ALBUM REVIEW: Knocked Loose hones its sound with ‘A Different Shade of Blue’

Knocked Loose, A Different Shade of Blue

Hailing from a formerly dry county in Kentucky, the five sludgecore warriors in Knocked Loose pick up right where they left off with 2016’s Laugh Tracks—slamming ears. For its second LP, the band again teamed up with engineer Will Putney to deliver a crisp artifact of punishing sound.

A Different Shade of Blue
Knocked Loose
Pure Noise Records, Aug. 23

The band still revels in scooped rhythm guitar chunks from Cole Crutchfield, the toxic spidery leads of Isaac Hale and Kevin Kaine’s robust drumming, while Kevin Otten thickens things up on the bass end. Tasty cohorts are evident in Knocked Loose’s sound. The favorable comparison is Converge, and the marginal comparison Pantera—minus Dimebag Darrell—but spooky Southern gothic gloom a la Eyehategod, and Swedish death metal influences also appear. Though it could have benefited from more forays into the aforementioned styles, A Different Shade Of Blue sees Knocked Loose hone its skull-cracking craft.

Right off the bat, the cover of A Different Shade of Blue signals the band’s rising ambition. Its trim layout evokes a meld of 1960s jazz records and 1990s art punk, suggesting a certain level of vintage sophistication. It’s a tonal contrast to the graphic novel aesthetic of Laugh Tracks.

Eschewing the brevity of its debut, Knocked Loose demands your full attention this time out. This collection of ragers scarcely wastes a breath as it constructs a sonic pillar of mosh soundtracks specially built to crush the listener. Each musician is meticulous in molding the band’s aural intensity.

Arguably, these guys try a bit too hard to be dark—must every song be about regret, or life wasted in the darkness? However, Knocked Loose conjures convincing drama, like the stark, death-metal-inspired riff that introduces “By The Grave,” or the creeping, almost blackened dirges of “Guided by the Moon.”

Vocalist Bryan Garris’ screams inhabit the treble range, adding an arresting clarity within the low-end ferocity employed by the rest of the band. Garris invites us into his personal hell with anguished lyrics and torturous delivery. “Died from silence when I cried out/ I cry out for an answer,” he wails on lead single “Mistakes Like Fractures.”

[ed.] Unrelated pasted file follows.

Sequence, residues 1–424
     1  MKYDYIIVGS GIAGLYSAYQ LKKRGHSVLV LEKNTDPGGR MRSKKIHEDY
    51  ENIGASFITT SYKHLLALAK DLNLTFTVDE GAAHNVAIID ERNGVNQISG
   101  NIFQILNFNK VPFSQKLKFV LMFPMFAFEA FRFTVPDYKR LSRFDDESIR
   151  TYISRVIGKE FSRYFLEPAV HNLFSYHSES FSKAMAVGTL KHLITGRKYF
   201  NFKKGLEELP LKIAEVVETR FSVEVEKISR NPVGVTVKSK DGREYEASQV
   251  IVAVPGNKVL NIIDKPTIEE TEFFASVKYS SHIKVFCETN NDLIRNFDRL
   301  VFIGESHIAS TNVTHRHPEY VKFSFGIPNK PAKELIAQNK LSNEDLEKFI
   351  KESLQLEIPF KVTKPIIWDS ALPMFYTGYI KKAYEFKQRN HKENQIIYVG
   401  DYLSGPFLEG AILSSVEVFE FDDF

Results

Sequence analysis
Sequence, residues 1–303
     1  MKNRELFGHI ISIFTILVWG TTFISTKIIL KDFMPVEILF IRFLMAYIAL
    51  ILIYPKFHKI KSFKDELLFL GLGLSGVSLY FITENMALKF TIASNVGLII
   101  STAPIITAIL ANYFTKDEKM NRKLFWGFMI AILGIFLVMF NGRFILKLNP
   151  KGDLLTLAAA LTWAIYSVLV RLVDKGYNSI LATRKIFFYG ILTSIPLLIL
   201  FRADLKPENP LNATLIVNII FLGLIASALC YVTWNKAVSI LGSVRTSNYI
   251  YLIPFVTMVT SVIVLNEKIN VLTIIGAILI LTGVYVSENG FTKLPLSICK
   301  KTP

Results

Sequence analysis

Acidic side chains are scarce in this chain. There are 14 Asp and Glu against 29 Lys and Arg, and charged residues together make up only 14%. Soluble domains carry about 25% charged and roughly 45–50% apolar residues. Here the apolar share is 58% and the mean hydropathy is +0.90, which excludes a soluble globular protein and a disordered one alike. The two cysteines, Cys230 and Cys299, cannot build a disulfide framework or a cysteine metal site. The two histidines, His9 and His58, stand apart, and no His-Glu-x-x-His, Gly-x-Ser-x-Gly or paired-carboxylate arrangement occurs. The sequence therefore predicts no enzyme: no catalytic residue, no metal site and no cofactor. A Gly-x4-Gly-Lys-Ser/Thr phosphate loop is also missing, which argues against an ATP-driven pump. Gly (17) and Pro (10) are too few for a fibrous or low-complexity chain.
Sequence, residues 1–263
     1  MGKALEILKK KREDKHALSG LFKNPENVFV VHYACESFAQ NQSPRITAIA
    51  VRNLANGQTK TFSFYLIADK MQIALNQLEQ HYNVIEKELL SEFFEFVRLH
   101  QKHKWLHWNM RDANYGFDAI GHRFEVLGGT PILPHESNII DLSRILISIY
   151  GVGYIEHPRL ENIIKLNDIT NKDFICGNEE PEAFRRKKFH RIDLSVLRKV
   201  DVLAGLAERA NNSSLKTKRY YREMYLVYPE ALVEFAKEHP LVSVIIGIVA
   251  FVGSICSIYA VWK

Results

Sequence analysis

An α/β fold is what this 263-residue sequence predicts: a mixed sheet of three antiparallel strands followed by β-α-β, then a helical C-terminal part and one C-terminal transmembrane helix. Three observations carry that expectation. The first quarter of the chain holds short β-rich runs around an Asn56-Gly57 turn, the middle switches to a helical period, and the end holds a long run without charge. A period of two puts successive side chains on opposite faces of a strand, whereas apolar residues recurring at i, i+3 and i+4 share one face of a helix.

But no answer is forthcoming in his bereaved world, leaving him to howl for it all to make sense. He lets out a gloriously raw scream to kick off opener “Belleville,” and sustains this virulence throughout the entire album. Though not quite on the level of “Last Words” from the debut, Garris paints a convincing picture of eroded faith.

Knocked Loose continues to triumph in terms of rhythmic precision. A Different Shade of Blue comes tightly packed with surprise stops and surgical tempo changes. “A Serpent’s Touch” brilliantly exercises the band’s trademark, accentuating the heaviest aspects of an idea via diabolically subtle changes in slowness without losing power. In this case, Knocked Loose executes a slow-to-slower ego drag-down that ends bitterly.

This proclivity for breakdowns works against the band when it disrupts the album’s flow. There’s little here to suggest the band is interested in transcending the model of thuggish beatdown riffs. There are so many slow parts, their quantity detracts from their heaviness. “Denied By Fate” begins as though Knocked Loose is finally going to pummel you with something unapologetically reckless. Within two minutes, the track reverts back to headbanger chugs and the mere rumination of future antisocial acts.

Listening to this album can create a longing for something to come flying out of left field—whether it’s speedier, more energizing songs or Chuck-Schuldiner-style guitar solos—but that never fully materializes. Still, it’s a compliment to Knocked Loose’s abilities as a band to at least dabble in the elements that would push it toward greatness.

For all this, Knocked Loose comes through with a tentative, burgeoning feel, inhabiting a suffocating headspace between bated breath and breath held. “…And Still I Wander South” is a synthesis of all the band’s recipes, featuring clanging arpeggiated guitar leads and conjuring specters with a haunted atmospheric outro. Knocked Loose strategically builds tension to bushwhack its way back into the fray with sludgy breakdowns. Though certain sections can feel like filler before the crowd-pleasing mosh parts, the barbaric frenzy hits like a psychopathic self-driving semi truck.

The niche Knocked Loose finds in the hardcore scene makes its second album a worthy listen for fans of blood-pumping metallic hardcore. A Different Shade Of Blue presents a concise, intentional and more developed package than much of its competition.

Follow writer Alexander Baechle at

(1) Comment

  1. Mike Visby

    I love this band because I am a man who always wants a breakdown. Only thing this album is missing is the barks from Laugh Tracks. I loved the "Arf Arf"!

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